Papers across Europe on Friday provide vivid coverage of yesterday's ceremonies at the former Nazi death camp at Auschwitz on the 60th anniversary of its liberation.
The ceremony struck the editorialist of the leading French daily Le Monde with "a feeling of urgency" at the thought that those the paper calls "the direct witnesses... who can tell us the whole appalling truth", are dying out.
The memory must be preserved, and the "singularity" of the Holocaust asserted, the paper argues, because "every time anyone has deemed it fit to contravene the principles of the UN charter and depart from the international order dreamt of in 1945, there has been a reopening of the door to a possible return to the unimaginable".
Liberation notes that what it calls "Europe's great day of communing in memory of the Holocaust" was "marred" by some discordant notes.
"In Russia," the paper notes, "20 members of parliament signed a violent pamphlet this week demanding a ban on all Jewish organizations... for propagating an 'anti-Christian' religion".
"In Germany," it adds, "the neo-Nazi NPD also distinguished itself when its representatives in Saxony's regional parliament refused to take part in one minute's silence in memory of the victims of the Holocaust."
And in the European Parliament, the paper goes on, "it took some lively exchanges before a resolution on anti-Semitism could be the object of a massive consensus".
In Russia, a commentary in Russkiy Kuryer notes ironically that "in some respects, we continue to lead the world".
The paper cites the Global Forum against anti-Semitism which found Russia, as it puts it, "one of three countries infected with a hatred of Jews".
Speaking at the Auschwitz ceremony, it notes, President Vladimir Putin "availed himself of an excellent opportunity repentantly to declare his shame at the anti-Semitic manifestations which still have not been eradicated here".
A commentary in Warsaw's Trybuna welcomes President Aleksander Kwasniewski's remark in his speech at the memorial that Poland has not forgotten that it was liberated from the Nazi occupiers by Soviet troops.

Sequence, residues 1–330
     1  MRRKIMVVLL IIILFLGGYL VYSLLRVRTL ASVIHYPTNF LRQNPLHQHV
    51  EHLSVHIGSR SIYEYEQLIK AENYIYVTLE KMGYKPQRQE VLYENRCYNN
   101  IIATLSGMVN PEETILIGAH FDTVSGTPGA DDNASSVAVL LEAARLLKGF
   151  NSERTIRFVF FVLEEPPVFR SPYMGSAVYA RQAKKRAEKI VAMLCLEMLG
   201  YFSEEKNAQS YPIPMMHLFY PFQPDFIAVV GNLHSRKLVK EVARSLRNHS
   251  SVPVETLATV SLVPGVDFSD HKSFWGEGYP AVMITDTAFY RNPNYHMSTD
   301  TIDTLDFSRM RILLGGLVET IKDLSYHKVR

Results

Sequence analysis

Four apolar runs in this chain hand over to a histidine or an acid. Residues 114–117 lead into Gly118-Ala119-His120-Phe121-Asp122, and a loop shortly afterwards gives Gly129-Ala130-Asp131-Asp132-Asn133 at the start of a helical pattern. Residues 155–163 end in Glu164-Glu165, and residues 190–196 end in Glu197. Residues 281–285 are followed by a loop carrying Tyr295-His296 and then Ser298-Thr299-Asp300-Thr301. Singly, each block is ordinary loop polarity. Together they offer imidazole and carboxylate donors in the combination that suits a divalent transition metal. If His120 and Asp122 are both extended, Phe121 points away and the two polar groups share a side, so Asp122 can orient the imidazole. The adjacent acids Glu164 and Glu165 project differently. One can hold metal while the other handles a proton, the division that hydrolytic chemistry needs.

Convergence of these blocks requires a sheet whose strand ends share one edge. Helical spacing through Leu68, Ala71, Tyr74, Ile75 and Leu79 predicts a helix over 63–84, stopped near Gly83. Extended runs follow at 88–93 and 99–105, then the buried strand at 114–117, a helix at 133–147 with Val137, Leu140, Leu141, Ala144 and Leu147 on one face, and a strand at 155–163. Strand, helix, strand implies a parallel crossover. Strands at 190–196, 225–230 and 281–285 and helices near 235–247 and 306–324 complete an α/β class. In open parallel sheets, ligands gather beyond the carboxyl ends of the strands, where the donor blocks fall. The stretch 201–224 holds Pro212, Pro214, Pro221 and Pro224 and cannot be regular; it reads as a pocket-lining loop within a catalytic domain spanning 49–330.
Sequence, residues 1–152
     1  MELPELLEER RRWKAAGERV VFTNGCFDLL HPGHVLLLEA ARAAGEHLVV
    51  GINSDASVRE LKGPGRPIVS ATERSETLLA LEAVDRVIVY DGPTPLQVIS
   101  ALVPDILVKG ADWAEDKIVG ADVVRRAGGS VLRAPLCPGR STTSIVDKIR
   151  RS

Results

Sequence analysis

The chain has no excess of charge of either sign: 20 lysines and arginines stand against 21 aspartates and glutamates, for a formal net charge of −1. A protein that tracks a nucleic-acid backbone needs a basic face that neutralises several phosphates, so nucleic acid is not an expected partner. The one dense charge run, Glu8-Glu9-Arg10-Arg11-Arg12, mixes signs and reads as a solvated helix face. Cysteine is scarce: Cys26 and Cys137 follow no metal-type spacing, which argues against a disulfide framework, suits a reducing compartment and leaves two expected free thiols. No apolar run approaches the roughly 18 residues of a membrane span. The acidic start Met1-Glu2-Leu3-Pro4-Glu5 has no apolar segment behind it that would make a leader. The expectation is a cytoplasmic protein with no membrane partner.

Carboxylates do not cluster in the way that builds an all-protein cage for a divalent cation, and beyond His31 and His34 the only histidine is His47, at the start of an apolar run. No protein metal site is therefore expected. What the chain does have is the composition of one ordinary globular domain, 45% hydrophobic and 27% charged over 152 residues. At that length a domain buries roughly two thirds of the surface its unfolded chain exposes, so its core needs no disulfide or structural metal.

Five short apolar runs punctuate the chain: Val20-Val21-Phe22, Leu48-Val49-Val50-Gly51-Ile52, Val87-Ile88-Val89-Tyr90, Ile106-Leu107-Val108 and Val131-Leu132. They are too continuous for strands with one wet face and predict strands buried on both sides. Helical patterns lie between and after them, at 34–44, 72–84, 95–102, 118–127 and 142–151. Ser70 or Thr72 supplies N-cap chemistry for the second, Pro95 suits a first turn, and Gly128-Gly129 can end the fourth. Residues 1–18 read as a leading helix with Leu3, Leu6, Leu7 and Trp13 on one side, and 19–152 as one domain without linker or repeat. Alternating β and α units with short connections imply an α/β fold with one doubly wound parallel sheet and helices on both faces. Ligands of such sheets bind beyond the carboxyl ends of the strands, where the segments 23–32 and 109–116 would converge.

"This is worth emphasizing," the paper believes, "because in our national media the notion of 'liberation' has been completely ousted by that of 'invasion'."
"We hear that one occupation was replaced by another which was no better," it adds, but this is a "falsification of history".
"Even those with the most vivid imagination," the paper argues, "would be unable to convince the visitors to Auschwitz-Birkenau that the Soviet soldiers were no different from the SS butchers".
Barcelona's El Periodico finds "no excuse" for what it sees as Spain's low profile at the Auschwitz ceremony, pointing out that the speaker of the Spanish parliament found himself rubbing shoulders with heads of state and government, monarchs and prominent royals.
The paper welcomes the tribute to the Holocaust victims held on Thursday in the Madrid parliament, and the fact that it will from now on be an annual event, but it regrets its belatedness.
"It took much too long," it says, "for a Spain which, through Franco, supported Hitler, to commit itself formally" to marking the anniversary.
"A country that lost 6,000 of its citizens in the concentration camps and sent another 45,000 to fight on the criminals' side, should be very sensitive to such matters," it argues.
In Germany, Die Welt sees Thursday's commemoration as an example of what it calls "the Europeanization" of the Holocaust memory.
The paper suggests that Europe is seeking to create a common identity by remembering the mass murder of Jews.
"As a result, it adds, "Auschwitz is becoming an emblem not just of Nazi crimes but also of a Europeanization of national views of history."
The paper observes that for decades countries in Western as well as Eastern Europe failed to acknowledge the scale of their collaboration with the German occupiers.
"'Auschwitz denotes a German crime in which many Europeans were involved," it points out.
As the paper sees it, this does not relieve Germany of its historic guilt, but it does mean that responsibility is shared.
The way the Swiss Le Temps was struck by the ceremony would appear to justify this thesis.
"The dead [of Auschwitz]," the paper says, "have brought the living together in shared contemplation".
"These living," it adds, "are a Europe united as it has never been before by the memory of its self-inflicted evil."
'Time of deepest shame'
Germany's Sueddeutsche Zeitung expects the Nazi era to continue to inform the Germans' self-image for the foreseeable future.
The paper argues that the outrage of a "vast majority" when faced with today's activities by far-right extremists, suggests that "it is still true that nothing moves this country more than the time of its deepest shame".
It adds that the willingness of tens of thousands of Germans to murder millions of people for being Jews, Roma, Russians or dissidents "is beyond anybody's understanding and therefore beyond any explanation".
And the attempt to punish the perpetrators in German courts, the paper adds, led to the "frightening realisation" that most of them were "ordinary people" rather than "sadist monsters, compulsive criminals or half-wits".
"All Germans who seriously think about themselves and their country will continue to be haunted by this", it believes.
The European press review is compiled by BBC Monitoring from internet editions of the main European newspapers and some early printed editions.